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The Question

Let’s start by trying to get a pre-theoretical handle on the notion of joint action. I’ve already given you some examples, but it’s even better to use contrast cases ...
You have two minutes to think of another pair of examples which contrast joint action with parallel but merely individual action.

Give another contrast pair.

These and other contrasting pairs invite the question, What distinguishes joint action from parallel but merely individual action?
A natural first thought is that in joint action, our actions are coordinated. But this turns out not to be a distinguishing feature of joint action because ...
... when two strangers cycle side by side, their actions may need to be highly coordinated so that they do not crash even if they are merely acting in parallel.
Another idea is that in joint action, our actions have a common effect. So, for example, when the flash mob open their newspapers, there is a strikingly loud rustle of paper. None of them individually cause this loud rustle: instead it is a common effect of their actions.
But consider the actions of the flash mob together with those of the onlookers. All of these actions have a common effect---the strikingly loud rustle of paper is produced by the simultaneity of their actions. And this applies to the onlookers who merely happen to open their newspapers just as the flash mob starts no less than to the members of the flash mob.
So what does distinguish joint action from actions which occur in parallel but are merely individual? Not coordination, not common effects. So what is it?
[This is just to say that the question, What distinguishes joint action from parallel but merely individual action? is not straightforward to answer. ]


What distinguishes genuine joint actions from parallel but merely individual actions?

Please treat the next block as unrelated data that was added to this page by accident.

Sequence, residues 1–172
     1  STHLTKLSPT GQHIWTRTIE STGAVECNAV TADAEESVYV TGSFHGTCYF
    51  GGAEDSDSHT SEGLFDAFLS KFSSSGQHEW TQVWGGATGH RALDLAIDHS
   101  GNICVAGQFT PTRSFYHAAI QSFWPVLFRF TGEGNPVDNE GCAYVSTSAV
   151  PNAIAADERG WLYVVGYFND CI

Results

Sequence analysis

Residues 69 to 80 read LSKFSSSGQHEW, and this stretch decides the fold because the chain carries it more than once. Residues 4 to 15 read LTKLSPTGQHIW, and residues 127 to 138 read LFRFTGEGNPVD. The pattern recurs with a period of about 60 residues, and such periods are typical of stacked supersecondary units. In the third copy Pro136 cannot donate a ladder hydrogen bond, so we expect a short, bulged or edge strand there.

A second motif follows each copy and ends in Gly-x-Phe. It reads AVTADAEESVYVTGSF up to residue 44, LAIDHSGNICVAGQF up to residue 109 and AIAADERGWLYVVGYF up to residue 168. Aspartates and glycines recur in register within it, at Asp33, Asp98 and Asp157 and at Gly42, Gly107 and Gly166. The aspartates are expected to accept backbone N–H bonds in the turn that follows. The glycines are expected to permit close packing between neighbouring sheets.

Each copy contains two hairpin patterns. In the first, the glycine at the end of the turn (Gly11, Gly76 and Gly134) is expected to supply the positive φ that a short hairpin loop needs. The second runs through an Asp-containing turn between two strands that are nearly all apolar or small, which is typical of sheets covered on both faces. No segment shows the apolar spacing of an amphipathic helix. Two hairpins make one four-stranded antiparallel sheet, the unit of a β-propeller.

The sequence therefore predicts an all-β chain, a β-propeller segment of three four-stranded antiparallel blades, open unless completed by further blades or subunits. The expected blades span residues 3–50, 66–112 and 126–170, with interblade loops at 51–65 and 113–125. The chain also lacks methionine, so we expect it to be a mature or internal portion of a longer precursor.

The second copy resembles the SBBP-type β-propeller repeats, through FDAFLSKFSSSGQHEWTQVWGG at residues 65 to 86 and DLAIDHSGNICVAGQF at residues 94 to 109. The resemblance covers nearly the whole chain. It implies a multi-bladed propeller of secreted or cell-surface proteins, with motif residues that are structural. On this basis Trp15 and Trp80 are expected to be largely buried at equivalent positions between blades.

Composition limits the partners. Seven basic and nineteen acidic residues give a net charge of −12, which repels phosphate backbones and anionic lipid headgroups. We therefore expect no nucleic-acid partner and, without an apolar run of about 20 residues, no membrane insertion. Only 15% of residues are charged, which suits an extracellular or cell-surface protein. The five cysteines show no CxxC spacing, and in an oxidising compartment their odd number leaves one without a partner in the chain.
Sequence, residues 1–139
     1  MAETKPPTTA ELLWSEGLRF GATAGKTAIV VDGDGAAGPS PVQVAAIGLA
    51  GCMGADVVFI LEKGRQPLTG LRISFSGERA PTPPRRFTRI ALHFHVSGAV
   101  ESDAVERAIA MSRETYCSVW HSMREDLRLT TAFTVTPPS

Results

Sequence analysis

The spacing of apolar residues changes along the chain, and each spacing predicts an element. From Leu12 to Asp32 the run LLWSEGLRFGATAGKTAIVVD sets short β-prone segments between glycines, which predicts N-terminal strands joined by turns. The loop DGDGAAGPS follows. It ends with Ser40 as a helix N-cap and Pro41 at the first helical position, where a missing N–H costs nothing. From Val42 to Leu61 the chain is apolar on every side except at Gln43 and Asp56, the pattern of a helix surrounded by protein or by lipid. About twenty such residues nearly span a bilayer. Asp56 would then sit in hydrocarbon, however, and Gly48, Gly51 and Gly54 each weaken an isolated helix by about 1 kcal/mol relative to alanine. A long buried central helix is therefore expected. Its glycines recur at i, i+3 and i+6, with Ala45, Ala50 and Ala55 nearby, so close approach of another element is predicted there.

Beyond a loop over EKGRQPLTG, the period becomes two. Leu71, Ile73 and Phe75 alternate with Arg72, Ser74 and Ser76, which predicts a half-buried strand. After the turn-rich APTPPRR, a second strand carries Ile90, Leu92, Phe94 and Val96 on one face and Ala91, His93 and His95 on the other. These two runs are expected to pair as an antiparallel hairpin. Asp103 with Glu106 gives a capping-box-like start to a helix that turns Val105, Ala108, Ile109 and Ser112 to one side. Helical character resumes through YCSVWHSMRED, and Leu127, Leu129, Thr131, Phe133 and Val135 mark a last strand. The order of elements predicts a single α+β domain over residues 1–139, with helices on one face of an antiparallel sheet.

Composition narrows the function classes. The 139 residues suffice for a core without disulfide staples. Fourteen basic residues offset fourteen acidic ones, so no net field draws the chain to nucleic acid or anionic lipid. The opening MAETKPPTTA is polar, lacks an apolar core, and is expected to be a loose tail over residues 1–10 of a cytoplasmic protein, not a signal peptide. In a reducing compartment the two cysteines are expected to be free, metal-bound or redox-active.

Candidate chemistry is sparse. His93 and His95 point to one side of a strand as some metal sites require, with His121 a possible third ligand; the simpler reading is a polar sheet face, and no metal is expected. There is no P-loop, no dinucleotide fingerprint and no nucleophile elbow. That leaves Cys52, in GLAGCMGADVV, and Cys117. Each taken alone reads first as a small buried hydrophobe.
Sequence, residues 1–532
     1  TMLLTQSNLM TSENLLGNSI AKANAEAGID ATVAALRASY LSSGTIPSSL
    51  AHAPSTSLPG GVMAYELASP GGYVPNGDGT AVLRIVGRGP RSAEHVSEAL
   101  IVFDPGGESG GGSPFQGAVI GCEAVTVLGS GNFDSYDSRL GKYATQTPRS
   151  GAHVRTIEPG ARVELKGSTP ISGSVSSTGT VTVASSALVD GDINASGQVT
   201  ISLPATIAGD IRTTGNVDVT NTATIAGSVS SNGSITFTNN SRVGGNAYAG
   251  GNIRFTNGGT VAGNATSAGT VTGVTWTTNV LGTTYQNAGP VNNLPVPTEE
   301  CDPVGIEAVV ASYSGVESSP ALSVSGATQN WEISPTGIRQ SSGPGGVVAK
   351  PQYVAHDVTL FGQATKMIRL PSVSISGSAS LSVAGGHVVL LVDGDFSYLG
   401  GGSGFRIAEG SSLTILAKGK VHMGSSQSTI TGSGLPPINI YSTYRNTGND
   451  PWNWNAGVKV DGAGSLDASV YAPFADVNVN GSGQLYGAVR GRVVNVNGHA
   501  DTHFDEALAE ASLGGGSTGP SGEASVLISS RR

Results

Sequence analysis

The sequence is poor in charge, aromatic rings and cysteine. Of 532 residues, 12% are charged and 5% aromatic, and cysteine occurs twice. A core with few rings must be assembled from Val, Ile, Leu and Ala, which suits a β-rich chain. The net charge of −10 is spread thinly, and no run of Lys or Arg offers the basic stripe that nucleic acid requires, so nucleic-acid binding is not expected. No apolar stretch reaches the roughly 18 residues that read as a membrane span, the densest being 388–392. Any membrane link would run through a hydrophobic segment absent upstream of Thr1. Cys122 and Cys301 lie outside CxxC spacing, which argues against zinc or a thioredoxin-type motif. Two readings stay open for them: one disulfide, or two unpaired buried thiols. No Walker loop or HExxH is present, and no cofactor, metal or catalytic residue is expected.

This is the organising question for our project (the project to be investigated in this series of lectures). Of course there will be lots of further questions, but I like to have something simple to frame our thinking and this question serves that purpose.
My hope is that by answering this seemingly straightforward question, we will be in a position to answer the hard question about which forms of shared agency underpin our social nature.
The first two contrast cases are supposed to show that this question isn’t easy to answer because the most obvious, simplest things you might appeal to---coordination and common effects---won’t enable you to draw the distinction.


An account of joint action must draw a line between joint actions and parallel but merely individual actions.

This invites us to think in terms of necessary and sufficient conditions. Of course, there are all kinds of reasons why this might be problematic, and we will consider many such reasons. But as I just said, having simple ideas to frame our thinking is good, and that’s why I take this as my working aim. (The ultimate aim is a ‘Blueprint for a Social Animal’, but it is difficult to be precise about what that will involve at this stage.)

So What?

Which forms of shared agency underpin our social nature?

A \emph{joint action} is an exercise of shared agency.

Individual vs Aggregate -- both miss shared agency

In philosophy of mind and action, it is normal to focus just on a single individual who might as well be acting in isolation. But if you think about almost any aspect of cognition and agency, it is striking that it can’t be fully understood in isolation. Our capacities for knowledge, emotion and action depend in numerous ways on our interactions with others.
By contrast with philosophy, many disciplines such as economics and sociology do treat multiple individuals. But on the whole this involves treating individuals as indistinguisable from one another.
So once again, on the aggregate perspective, there is no room for shared agency.
There is growing awareness in cognitive science and philosophy that in missing shared agency we may be missing something that shapes our lives and explains much about why we humans are the way we are. Excitingly, new techniques and technologies to investigate shared agency are being developed too.
At the same time there is an amazing degree of uncertainty and even confusion among philosophers and theoretically-minded scientists. It’s not just that there are different theories of shared agency; there is fundamental disagreement about what sort of conceptual and ontological resources are needed, and about the questions such a theory should answer. As you’ll see, there are even two completely unconnected articles on this topic in the Stanford Encyclopedia of Philosophy.
So we face lots of challenges ...

So here you have the question for this course, our aim and the reason it matters.